Creativity

Ikea is chosen as the Advertiser of the Year

The Cannes Lions International Festival of Creativity will present Ikea with its Advertiser of the Year Award on June 25. What makes IKEA's ads stand out? IKEA's creativity is said to be attributed primarily to the company's decentralized approach to marketing, and the fact that it has relationships with a vast network of agencies throughout the world.

Philip Thomas, the chief executive of Cannes Lions, said: "Ikea's approach to its marketing and communications, with its decentralised structure and strong relationships with many different kinds of agencies, has been hugely successful over many years.

"The company’s superb track record at Cannes reveals a clarity of vision and an enviable willingness to allow its agencies to truly flex their creative muscles. We congratulate both Ikea and its many agencies across many countries on this well-deserved honour." (Source: BrandRepublic news)

See examples of IKEA's campaigns here.

Tribal marketing for Generation Y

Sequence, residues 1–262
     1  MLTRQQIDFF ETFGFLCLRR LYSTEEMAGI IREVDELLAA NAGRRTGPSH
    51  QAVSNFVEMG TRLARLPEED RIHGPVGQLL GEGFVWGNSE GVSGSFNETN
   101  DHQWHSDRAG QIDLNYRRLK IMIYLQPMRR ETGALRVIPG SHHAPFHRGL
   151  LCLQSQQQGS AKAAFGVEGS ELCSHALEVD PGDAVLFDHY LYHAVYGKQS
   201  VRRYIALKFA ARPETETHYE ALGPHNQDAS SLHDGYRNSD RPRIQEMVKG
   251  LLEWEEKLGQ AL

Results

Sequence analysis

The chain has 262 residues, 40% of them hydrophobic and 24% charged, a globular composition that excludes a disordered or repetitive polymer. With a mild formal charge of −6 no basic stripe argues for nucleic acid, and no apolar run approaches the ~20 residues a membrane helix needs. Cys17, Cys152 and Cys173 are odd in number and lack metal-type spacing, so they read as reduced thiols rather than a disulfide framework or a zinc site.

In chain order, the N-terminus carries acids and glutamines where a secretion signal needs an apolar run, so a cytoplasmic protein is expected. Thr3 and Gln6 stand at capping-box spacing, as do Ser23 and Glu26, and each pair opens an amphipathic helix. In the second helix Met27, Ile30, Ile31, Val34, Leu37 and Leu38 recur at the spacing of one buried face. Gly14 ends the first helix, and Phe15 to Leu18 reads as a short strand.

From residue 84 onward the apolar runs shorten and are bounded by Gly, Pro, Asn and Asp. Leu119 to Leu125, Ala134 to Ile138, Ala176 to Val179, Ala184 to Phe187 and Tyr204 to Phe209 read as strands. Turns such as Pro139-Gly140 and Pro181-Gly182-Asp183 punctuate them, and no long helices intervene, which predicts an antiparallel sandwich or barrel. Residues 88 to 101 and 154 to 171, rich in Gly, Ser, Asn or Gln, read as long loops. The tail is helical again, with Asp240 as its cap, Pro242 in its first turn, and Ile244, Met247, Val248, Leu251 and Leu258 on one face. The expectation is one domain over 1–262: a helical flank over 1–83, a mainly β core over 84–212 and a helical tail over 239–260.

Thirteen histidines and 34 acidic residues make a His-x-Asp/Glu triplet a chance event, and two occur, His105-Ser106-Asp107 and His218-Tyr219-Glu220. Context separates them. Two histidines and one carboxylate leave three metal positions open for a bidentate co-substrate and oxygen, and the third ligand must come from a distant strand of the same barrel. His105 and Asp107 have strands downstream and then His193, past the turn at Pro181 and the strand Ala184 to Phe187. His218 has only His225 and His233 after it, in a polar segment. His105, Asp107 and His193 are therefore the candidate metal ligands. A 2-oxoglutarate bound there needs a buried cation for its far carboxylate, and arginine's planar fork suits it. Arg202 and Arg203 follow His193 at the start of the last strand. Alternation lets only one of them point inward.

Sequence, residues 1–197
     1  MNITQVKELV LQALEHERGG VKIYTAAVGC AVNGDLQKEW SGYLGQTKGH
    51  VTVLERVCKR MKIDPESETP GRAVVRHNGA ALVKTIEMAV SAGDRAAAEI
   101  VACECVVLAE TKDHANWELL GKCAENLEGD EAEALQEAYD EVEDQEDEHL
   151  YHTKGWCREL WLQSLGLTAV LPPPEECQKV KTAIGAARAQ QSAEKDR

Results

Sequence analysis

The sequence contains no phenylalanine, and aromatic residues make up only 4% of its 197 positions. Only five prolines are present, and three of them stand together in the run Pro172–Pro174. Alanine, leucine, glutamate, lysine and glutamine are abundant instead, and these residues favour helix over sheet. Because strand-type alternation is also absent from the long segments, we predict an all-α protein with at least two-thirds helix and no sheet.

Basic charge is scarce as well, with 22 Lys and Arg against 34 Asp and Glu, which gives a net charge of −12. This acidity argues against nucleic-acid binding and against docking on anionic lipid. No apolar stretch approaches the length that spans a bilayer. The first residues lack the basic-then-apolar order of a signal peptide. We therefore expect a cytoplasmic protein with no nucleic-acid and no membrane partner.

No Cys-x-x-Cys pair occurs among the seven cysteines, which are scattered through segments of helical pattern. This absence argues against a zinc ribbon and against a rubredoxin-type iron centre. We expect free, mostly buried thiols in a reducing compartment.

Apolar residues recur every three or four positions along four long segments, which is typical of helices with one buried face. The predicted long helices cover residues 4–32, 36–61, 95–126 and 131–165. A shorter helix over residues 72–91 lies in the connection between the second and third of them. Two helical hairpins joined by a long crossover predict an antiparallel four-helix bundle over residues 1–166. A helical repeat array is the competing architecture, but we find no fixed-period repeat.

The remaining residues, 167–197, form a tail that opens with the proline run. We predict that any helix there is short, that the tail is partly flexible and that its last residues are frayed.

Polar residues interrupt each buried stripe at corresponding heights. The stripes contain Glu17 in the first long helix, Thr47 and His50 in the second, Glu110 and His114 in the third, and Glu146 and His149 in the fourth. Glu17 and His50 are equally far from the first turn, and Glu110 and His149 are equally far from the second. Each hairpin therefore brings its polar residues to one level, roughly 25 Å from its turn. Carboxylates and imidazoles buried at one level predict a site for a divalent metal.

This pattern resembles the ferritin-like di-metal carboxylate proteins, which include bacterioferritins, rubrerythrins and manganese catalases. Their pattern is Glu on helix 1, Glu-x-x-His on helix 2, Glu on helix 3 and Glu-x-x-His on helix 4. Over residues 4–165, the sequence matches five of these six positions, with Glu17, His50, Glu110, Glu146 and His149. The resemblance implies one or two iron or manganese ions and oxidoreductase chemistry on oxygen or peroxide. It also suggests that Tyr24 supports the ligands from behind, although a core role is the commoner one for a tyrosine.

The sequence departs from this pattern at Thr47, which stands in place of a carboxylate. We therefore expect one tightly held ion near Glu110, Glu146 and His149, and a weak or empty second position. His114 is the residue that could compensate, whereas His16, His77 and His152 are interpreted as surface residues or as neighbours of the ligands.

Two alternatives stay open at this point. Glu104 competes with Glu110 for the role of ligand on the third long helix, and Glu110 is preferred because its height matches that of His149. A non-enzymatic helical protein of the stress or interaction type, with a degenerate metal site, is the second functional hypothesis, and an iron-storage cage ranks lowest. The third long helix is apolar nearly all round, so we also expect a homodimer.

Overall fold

A couple of months ago, I attended a book launch event dedicated to the recent publication of How Cool Brands Stay Hot by Joeri Van den Bergh from Insites Consulting and Mattias Behrer from MTV Europe. ((How Cool Brands Stay Hot, Kogan Page, 2011))  The book gives an insight into Generation Y, or Millennials: teenagers and young adults born between 1980 and 1996 .  Web savvy, wary of marketing “tricks” and highly authentic, they are “on a mission to become special and unique.” ((ibid., p. 3)) Besides, these youngsters are just beginning to shape their relationships with brands, and provided that you get your brand on their radar screen, and make it appealing and “cool”, chances are, they will like it for quite some time to come. This is why it is so important for any company that wants to market to Generation Y, to know what it takes to become a truly cool brand.